Do you think the increasing ease with which authors can self-publish their e-books is going to change how people view books and the publishing industry?

I think the book/publishing world is changing rapidly and none of us are really sure where it’s going or what will happen once we get there. I do think (hope) the image of self-published authors will change and gain some validity, but it’s going to be difficult to get the world as a whole to change their way of thinking about what constitutes a “real” book.

What advice would you give to authors looking to self-publish their own work?

Revise until your eyes bleed, and then revise some more. It always pains me to pick up a self-published book that has lots of promise but doesn’t fully deliver because of a lack of editing and proofreading. The world will wait for you to take an extra month or two to get it right. I promise if you put in the extra effort, it will show.

(BTW, I’m now quite certain there are a bakoozle of typos and errors in my answers simply because I’ve made a big deal out of proofing everything you write.)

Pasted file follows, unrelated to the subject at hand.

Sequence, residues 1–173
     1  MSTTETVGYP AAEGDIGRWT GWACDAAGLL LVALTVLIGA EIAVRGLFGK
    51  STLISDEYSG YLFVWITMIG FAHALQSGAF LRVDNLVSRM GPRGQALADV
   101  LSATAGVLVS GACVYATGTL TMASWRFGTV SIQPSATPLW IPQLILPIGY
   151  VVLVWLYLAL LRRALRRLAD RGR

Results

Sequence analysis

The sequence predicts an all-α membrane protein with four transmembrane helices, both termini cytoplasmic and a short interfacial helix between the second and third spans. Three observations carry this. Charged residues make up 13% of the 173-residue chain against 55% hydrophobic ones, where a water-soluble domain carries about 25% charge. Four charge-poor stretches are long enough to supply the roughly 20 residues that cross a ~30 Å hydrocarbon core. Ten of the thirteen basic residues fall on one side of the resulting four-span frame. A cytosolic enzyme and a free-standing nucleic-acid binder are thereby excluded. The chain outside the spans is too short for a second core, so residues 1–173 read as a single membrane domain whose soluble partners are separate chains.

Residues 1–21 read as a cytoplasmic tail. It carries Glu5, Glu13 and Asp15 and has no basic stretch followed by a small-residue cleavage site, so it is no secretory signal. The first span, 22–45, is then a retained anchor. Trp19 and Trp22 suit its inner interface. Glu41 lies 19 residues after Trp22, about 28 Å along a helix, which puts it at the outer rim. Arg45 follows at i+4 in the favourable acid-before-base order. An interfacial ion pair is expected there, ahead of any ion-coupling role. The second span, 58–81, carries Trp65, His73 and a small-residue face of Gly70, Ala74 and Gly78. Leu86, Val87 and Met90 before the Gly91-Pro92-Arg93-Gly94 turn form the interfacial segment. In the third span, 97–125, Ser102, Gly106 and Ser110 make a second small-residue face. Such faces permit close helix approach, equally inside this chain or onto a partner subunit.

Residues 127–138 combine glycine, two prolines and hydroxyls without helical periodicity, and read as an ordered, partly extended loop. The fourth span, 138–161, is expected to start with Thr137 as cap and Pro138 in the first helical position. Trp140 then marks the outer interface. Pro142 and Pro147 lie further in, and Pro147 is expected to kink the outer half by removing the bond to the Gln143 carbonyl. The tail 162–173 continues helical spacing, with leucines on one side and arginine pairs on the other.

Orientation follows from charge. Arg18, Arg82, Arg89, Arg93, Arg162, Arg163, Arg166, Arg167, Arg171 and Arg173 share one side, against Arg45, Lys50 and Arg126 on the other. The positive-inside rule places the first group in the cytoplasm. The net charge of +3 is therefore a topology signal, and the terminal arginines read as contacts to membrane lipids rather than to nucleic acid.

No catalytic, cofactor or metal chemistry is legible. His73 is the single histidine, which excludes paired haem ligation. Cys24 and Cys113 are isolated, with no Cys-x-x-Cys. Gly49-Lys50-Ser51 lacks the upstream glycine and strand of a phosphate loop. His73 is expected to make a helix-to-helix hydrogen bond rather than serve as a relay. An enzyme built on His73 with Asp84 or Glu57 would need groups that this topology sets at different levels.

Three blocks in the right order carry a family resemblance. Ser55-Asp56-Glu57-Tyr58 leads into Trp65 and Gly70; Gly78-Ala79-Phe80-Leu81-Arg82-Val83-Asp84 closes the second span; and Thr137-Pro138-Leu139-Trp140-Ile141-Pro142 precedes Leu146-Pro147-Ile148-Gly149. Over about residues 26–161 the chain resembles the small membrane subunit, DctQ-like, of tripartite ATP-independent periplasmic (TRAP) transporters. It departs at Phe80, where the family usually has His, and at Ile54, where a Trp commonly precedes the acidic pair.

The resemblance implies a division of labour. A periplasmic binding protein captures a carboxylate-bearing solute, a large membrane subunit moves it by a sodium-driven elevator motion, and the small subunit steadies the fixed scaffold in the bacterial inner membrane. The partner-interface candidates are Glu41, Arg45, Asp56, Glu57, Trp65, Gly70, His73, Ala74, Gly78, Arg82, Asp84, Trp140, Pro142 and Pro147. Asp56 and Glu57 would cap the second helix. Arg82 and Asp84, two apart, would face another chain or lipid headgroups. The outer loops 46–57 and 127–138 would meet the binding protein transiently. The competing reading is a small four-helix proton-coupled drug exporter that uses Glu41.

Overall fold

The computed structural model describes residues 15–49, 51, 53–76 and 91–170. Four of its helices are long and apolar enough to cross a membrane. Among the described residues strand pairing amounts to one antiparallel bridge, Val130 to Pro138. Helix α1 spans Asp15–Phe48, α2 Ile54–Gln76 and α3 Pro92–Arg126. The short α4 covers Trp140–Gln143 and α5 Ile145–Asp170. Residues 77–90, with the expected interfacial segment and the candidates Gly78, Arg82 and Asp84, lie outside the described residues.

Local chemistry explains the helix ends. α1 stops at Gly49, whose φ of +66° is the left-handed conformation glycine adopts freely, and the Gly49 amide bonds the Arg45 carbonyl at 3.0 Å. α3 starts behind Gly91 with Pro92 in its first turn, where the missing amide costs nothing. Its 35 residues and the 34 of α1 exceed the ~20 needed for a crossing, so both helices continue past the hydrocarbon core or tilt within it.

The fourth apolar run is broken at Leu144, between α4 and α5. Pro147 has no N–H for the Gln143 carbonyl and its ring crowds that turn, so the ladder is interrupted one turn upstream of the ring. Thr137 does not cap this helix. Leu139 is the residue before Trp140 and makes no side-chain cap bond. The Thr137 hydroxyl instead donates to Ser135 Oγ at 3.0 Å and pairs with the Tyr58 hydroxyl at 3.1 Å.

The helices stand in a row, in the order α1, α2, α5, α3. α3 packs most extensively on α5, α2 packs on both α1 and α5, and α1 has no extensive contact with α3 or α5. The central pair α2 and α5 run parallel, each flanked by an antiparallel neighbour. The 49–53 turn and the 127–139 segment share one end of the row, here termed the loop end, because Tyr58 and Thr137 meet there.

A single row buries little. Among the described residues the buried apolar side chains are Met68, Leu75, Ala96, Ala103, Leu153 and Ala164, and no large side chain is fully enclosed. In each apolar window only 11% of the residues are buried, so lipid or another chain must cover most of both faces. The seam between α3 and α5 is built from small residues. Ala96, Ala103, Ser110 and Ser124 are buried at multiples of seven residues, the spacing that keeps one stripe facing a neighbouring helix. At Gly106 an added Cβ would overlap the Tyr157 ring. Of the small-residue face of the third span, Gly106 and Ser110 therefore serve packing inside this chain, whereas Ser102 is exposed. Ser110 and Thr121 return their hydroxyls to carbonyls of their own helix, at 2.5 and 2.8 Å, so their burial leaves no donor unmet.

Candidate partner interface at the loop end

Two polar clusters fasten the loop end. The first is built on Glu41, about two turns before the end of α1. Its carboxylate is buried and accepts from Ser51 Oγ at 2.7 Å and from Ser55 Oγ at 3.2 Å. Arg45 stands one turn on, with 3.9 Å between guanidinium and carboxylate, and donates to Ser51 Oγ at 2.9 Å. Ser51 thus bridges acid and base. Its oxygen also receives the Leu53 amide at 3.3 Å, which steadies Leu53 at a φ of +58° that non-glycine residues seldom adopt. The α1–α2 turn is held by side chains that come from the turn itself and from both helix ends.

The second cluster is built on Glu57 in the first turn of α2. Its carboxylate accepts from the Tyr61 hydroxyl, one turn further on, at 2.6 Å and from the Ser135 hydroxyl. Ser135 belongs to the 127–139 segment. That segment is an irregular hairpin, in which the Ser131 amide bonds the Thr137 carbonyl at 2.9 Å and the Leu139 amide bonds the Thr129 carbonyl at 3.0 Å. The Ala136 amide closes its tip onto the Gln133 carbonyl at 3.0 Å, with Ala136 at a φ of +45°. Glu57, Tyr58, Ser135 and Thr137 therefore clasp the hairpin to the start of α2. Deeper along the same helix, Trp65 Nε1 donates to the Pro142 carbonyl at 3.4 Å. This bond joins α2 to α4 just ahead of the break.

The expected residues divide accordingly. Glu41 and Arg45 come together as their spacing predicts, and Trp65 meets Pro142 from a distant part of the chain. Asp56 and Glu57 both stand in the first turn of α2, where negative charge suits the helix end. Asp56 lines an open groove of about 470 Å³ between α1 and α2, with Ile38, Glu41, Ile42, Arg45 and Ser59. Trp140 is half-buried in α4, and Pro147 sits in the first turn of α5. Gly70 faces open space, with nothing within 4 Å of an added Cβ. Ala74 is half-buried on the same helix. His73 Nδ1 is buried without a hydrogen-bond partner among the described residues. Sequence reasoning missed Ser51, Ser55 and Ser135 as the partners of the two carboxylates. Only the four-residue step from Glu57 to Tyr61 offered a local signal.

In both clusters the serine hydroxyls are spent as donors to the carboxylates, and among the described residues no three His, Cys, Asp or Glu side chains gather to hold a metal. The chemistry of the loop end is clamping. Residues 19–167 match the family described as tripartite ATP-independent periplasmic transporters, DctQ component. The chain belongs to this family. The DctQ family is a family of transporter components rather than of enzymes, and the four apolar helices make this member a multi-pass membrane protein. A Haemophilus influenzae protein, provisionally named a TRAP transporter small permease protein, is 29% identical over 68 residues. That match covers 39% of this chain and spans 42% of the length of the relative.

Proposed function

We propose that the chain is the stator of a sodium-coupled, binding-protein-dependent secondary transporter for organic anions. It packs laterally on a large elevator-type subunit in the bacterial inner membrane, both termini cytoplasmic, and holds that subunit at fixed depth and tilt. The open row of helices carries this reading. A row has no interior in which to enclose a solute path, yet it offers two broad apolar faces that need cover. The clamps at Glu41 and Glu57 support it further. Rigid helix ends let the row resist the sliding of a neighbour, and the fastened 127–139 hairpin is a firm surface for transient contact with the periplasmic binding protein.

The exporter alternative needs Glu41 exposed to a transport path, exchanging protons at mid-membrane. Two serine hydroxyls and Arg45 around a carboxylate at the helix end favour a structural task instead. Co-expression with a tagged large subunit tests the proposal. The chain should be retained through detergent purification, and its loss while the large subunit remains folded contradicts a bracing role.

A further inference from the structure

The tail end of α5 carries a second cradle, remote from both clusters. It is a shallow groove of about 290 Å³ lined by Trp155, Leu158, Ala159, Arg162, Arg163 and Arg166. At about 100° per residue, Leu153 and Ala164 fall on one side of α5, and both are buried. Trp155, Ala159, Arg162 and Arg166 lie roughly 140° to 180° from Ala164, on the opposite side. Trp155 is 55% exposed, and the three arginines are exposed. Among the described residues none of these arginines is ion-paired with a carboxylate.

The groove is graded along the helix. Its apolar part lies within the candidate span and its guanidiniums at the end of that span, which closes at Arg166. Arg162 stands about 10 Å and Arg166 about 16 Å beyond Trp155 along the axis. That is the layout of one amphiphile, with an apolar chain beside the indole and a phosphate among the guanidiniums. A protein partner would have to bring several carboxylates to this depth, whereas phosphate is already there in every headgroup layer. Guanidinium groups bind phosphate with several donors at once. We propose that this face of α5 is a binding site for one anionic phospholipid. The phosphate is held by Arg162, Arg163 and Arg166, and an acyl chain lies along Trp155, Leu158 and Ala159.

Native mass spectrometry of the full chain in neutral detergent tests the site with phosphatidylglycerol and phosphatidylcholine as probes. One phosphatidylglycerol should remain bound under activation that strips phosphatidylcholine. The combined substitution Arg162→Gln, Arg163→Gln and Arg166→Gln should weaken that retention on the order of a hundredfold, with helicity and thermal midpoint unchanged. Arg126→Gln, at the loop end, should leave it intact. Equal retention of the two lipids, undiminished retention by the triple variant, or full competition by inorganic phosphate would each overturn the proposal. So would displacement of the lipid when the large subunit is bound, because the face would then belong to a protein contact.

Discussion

If you could have a super power, what would it be and why?

Time manipulation. It is the ultimate power. With it, you’re unstoppable! Someone trying to shoot you? Freeze time and move out of the way! Need to get across time in a flash? Stop the clock and get there before the bad guy can take his next breath! And with time manipulation you’ll always have 24 usable hours in every day to get stuff accomplished, whether it’s writing a novel or defeating evil.

What one question do you wish that I had asked you but did not? (Question and answer please)

What fictional world would you want to live in?

Excellent question, Elizabeth! *cheeky grin*

I know most people would say Harry Potter’s world here, but since I choose to believe J.K. Rowling wrote nonfiction accounts of British history, I’m going to go with something else. I’m tempted to pick a steampunk world, but most of my favorites aren’t really places someone would willingly live. (Way too many zombies and nanobots and society rules for me.) I need magic, but I also need happiness, pretty dresses, and Prince Charming. And there is only one place where you can find all that... Disneyland! *imagines self in a reverse Enchanted-type plot* *is very happy*